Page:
I did not bother to ask him what he was going to do about it in the Toy European Parliament because it was quite clear that he saw himself as considerably more savvy and knowledgeable about the EU (despite all evidence to the contrary). In fact, I was waiting for him to tell me not to bother my little head about it because he will ensure that my voice will be heard.

My other question was about the European President, something Mr Ganley Declan finds abhorrent, particularly as the people of Europe have not been asked whether they want one. The people of Britain, he proclaimed in ringing tones, should have a choice in this matter; they should be asked whether they want a European President.

Very well, said I, suppose the people of Britain are asked and vote against the idea; but suppose across Europe the people of it vote in favour; we shall get a European President whether we like it or not. I am sorry to say that Mr Ganley Declan did not answer the question, possibly because he was too busy assuring everyone that he was not a withdrawalist, not a revolutionary and not a eurosceptic. In fact, he wanted to save the European project because if it carries on the way it is going, there will be serious calls in many countries for withdrawal and that would be a tragedy.

This was one of the themes of his talk. The European project, in his opinion has come a long way and must not be undermined by those in Brussels who want to put an anti-democratic spin on it; who are shocked by the fact that people, who ought to be the owners of this project, do not want to march in lockstep with them. If they are allowed to go their own way, the withdrawalists will become strong and the project will disintegrate.

The problem with that is, as all our readers will instantly realize, that the project never had a democratic aspect to it. Clearly Mr Ganley Declan has never read a certain book that the boss and his colleague, Christopher Booker, wrote, in which they clearly explain the anti-democratic nature of the project from the very beginning.

Now, this would not matter if one said openly that democracy is a so-so idea, a recent and not very successful experiment and, maybe, it is best to move on. But that is not what Mr Ganley Declan is saying. He sees himself as the man whose appointed role it is to restore democracy to "Europe" or the European project.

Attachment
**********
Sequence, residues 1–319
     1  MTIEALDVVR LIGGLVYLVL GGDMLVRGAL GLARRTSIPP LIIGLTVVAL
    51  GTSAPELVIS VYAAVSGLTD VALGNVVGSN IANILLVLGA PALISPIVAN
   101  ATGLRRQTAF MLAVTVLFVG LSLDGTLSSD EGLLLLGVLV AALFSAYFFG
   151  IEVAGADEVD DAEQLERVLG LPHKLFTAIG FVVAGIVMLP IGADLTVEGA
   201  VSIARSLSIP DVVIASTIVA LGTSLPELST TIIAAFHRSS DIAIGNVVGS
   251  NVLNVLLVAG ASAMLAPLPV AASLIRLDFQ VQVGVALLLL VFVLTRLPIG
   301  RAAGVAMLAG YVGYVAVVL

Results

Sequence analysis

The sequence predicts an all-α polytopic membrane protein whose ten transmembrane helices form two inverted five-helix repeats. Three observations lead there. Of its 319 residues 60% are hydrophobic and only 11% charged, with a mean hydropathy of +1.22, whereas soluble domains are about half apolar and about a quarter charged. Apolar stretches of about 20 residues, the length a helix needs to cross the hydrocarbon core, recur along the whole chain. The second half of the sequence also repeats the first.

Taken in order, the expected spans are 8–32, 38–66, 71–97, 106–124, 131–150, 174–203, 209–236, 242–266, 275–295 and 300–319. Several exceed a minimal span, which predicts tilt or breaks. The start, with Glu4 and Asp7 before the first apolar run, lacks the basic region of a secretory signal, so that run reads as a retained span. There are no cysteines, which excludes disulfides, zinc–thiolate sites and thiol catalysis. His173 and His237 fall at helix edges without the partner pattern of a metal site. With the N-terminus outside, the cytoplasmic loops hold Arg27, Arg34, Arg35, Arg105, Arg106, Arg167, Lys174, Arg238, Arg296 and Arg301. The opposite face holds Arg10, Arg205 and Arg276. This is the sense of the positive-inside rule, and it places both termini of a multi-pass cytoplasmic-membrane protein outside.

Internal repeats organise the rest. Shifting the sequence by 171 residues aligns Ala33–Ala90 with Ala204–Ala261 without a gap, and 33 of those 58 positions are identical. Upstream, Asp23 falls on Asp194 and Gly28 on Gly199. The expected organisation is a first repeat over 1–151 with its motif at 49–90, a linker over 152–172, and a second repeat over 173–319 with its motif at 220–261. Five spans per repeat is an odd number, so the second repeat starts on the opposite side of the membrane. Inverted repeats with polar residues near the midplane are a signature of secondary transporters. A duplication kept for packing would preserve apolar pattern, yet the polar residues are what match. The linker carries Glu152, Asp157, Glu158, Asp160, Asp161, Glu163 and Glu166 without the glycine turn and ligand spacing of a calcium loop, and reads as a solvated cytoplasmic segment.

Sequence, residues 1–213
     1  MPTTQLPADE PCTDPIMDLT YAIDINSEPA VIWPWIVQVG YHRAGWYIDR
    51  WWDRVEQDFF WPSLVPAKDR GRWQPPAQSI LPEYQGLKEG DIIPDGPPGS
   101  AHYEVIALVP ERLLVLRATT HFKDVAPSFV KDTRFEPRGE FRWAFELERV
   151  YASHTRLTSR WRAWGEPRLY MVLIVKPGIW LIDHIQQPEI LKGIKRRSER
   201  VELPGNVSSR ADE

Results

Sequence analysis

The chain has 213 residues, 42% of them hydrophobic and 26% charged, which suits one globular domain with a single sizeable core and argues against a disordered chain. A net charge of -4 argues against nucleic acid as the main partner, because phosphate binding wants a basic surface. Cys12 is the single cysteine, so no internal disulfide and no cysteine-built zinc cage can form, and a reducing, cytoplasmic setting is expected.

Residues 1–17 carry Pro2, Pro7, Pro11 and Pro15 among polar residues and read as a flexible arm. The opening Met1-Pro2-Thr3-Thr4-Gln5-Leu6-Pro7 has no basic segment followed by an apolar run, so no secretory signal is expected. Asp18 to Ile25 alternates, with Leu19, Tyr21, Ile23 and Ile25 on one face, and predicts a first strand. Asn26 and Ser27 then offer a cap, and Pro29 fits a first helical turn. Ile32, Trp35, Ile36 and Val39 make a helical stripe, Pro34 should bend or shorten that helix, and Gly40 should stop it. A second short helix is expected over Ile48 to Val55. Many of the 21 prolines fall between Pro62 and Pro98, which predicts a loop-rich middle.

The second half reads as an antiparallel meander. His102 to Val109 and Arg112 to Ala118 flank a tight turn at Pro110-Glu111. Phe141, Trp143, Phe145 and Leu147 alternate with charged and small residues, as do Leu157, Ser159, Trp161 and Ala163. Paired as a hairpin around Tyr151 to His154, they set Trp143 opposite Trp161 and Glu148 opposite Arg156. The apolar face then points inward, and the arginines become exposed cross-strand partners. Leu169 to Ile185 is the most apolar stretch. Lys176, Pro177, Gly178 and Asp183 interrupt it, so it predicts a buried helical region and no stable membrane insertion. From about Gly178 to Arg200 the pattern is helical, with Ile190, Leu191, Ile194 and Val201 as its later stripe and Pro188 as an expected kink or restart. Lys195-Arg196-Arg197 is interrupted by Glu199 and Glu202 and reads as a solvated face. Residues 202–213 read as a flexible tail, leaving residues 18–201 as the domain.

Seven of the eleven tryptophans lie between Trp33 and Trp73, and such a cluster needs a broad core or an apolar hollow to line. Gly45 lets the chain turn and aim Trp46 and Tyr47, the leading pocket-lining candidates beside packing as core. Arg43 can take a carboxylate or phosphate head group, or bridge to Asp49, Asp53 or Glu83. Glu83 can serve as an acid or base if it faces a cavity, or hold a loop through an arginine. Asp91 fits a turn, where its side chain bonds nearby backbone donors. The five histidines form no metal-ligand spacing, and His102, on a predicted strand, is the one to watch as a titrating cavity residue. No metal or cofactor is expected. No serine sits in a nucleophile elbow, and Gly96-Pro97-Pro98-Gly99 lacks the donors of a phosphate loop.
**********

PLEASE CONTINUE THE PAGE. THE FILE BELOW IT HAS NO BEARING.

We do not need the Lisbon Treaty, which has all those undemocratic and even anti-democratic ideas in it; we already have the Nice Treaty and can go back to it. Presumably, he has not read the Nice Treaty either and has forgotten that the Irish voters tried rejecting it once but were bullied and cheated into voting it through. Hardly the behaviour of a democracy. No wonder he did not answer my question about the European President.

Furthermore, Mr Ganley Declan keeps talking about the people of Europe and the need for them to have their democratic rights restored and to speak up about the way these are being stolen from them. Those who are doing the stealing, we were told several times, are using the well-tried method of "divide and conquer". They ask the people of individual member states and discard those results if they are not the ones the eurocrats want to hear. Now, if only the people of Europe united and stood up to these dastardly tactics …

Well, what? It seems Mr Ganley Declan does not understand exactly what he is saying. At best he believes in a perestroika: if we change things a little bit here and there the whole project will miraculously become what we always wanted it to be. Except that it was not clear to me or to a number of people in the audience what the aim of the exercise is – just what is it Mr Ganley Declan wants to achieve beyond getting a group of like-minded and woolly-minded individuals into the Toy European Parliament.

He was also very coy about his plans in the UK and one cannot help feeling that he is leaving the putting together of his pan-European list of candidates (the only one, as he proudly explained) very late. Those elections are in June.